HOUSTON – It was a trend that HPD started noticing a few years ago. Vehicles were broken into, but items like computers and cellphones were not taken. Then, investigators realized the target -- guns.
Now, the number of guns in the city of Houston that have been stolen out of vehicles, according to HPD, is well into the thousands.
“We have too many firearms stolen from vehicles in the city of Houston,” HPD Executive Chief Matt Slinkard told KPRC 2 Investigates at a recent news conference.
In 2021, 3,706 guns were stolen out of vehicles, according to HPD. The trend continues to rise in 2022. HPD says the numbers are up 17% in the first two months compared to last year.
Sgt. Tracy Hicks with HPD’s auto theft crimes task force took KPRC 2 Investigates for a ride around the city. His focus during our drive? Parking lots.
“We are out looking,” said Hicks while behind the wheel of his pick-up truck.
Hicks says it’s happening all over the city and “it’s not a secret” for criminals.
Certain hot spots include Richmond Avenue located inside the loop, the Galleria area, just off the Southwest Freeway near Upper Kirby, and stretches of the Katy Freeway.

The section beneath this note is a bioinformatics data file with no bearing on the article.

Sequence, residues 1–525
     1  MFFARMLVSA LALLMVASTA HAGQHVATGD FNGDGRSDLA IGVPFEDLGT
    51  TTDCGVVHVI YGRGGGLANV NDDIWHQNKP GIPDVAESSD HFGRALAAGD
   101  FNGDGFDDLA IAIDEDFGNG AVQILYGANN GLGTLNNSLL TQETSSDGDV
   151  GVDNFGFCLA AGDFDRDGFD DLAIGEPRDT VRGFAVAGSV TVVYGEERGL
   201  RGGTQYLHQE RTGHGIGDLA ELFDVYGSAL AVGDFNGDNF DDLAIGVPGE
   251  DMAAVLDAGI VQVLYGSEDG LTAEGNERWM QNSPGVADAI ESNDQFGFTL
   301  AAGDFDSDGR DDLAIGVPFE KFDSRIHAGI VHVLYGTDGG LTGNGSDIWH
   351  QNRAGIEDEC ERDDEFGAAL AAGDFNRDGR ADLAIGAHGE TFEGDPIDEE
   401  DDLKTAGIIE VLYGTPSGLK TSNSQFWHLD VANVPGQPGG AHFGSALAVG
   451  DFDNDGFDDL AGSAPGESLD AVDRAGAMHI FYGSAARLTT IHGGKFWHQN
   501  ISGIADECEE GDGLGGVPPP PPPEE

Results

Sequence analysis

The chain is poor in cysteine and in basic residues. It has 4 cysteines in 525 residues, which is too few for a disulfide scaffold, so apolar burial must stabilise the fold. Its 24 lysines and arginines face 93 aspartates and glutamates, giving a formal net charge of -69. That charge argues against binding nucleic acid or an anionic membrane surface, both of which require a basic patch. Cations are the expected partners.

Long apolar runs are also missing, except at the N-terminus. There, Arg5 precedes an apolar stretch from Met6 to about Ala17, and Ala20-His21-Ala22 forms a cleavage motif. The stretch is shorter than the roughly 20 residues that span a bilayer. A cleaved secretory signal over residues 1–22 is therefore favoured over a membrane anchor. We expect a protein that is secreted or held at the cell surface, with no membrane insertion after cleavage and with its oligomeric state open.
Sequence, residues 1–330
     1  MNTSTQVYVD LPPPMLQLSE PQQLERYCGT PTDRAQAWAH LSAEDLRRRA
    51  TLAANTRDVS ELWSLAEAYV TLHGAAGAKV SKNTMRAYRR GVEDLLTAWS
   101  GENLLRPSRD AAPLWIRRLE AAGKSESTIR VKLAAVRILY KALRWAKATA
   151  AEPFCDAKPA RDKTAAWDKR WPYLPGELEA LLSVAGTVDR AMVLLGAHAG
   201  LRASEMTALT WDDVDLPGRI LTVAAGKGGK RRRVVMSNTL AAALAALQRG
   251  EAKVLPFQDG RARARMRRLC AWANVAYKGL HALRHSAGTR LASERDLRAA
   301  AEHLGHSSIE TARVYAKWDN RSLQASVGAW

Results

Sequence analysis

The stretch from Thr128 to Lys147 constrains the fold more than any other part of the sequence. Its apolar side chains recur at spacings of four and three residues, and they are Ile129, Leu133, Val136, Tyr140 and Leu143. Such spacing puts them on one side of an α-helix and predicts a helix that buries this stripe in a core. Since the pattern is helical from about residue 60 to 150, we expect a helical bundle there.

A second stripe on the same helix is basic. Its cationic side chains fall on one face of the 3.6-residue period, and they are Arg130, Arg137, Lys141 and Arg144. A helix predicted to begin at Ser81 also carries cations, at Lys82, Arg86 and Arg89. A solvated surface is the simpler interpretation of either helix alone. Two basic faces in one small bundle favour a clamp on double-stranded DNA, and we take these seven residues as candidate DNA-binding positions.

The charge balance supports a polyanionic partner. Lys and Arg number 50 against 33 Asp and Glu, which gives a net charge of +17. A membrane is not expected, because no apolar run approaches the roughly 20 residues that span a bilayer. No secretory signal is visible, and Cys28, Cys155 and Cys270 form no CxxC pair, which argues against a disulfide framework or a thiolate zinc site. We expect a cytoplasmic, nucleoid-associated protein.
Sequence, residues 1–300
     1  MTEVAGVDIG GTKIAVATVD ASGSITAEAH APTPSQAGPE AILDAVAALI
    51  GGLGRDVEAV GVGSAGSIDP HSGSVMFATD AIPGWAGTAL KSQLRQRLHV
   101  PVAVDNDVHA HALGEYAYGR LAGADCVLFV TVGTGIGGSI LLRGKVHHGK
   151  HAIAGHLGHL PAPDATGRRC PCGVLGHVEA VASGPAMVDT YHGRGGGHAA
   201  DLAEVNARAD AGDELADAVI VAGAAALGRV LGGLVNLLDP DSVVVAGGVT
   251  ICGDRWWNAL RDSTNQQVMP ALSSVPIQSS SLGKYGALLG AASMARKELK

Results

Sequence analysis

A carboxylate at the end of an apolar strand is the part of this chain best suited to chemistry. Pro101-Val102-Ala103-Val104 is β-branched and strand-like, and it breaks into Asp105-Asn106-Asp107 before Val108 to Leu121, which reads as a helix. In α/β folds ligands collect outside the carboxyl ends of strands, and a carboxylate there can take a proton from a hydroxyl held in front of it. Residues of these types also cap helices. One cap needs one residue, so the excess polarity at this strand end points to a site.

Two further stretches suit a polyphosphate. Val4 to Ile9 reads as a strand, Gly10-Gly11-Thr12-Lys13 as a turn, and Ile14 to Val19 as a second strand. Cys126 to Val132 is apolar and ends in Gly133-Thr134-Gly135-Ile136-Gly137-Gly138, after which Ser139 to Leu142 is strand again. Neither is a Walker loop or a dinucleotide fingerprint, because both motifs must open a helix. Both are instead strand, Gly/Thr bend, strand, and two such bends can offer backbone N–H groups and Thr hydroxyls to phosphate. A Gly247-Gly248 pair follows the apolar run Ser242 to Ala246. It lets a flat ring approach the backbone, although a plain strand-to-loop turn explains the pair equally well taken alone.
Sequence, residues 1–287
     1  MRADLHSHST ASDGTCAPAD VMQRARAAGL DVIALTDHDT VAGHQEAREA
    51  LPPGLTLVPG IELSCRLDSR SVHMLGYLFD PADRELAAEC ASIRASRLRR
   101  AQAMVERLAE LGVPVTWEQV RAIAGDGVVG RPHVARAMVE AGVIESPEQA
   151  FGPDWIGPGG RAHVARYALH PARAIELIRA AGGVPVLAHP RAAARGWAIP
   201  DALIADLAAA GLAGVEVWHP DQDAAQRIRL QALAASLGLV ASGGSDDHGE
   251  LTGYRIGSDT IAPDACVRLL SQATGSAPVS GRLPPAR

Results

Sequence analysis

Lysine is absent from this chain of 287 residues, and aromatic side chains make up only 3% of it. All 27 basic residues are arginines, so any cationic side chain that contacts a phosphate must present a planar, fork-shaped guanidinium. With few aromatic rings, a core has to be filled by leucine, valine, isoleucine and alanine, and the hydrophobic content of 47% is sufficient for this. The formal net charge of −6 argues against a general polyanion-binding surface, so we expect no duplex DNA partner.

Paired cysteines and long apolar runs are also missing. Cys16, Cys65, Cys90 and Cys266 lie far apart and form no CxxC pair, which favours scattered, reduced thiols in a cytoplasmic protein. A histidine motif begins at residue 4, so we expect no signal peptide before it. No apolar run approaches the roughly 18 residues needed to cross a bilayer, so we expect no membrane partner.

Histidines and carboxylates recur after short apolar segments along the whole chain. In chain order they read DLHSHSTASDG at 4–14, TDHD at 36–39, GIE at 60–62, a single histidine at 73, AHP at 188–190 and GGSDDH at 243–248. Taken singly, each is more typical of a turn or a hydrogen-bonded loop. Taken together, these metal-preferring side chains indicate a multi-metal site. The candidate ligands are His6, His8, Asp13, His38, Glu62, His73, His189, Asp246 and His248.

The key targets? Vehicles that are parked at restaurants and gyms where guns are usually not allowed.
During the drive, Hicks made it clear that vehicle body styles and certain stickers are advertisements for criminals.
“The pro-NRA stickers, the second amendment, the come and take it stickers and even a Trump sticker lets people know that your likes and dislikes are hunting and fishing, those are outdoorsy guys,” said Hicks.
Another beacon for gun thieves? Stickers supporting law enforcement.
In the parking lot at a restaurant, Raymond Miller didn’t understand why KPRC 2 Investigates was inquiring about the gun in his truck. The “Thin Blue Line” sticker on the back of his cab gave it away.
“I was very surprised,” said Miller when we pointed to his sticker.
HPD says the solution is to lock them up in a gun safe.
However, not just any safe, according to Hicks.
“You’re going to mount this, it’s going to be bolted in your floorboard.” The veteran HPD Sergeant said while making it clear that he prefers a safe that is not going anywhere.
It’s an expensive solution, but Hicks says a vehicle is not the place to store a gun permanently. The other more practical answer is to never leave them in a vehicle. Even if it means having to go home to drop it off before a workout or a meal.
“Take the guns with you, ok,” said HPD Troy Finner in an interview with KPRC 2 Investigates on Tuesday.
When asked if his solution is challenging considering HPD is relying on a citizen to be responsible when some people simply aren’t?
“Everybody has to be intentional of being more responsible, including police officers, ok, when we are off duty,” said Finner. “Don’t leave your darn gun in a car because criminals are going to get it and they are using those guns to commit crimes.”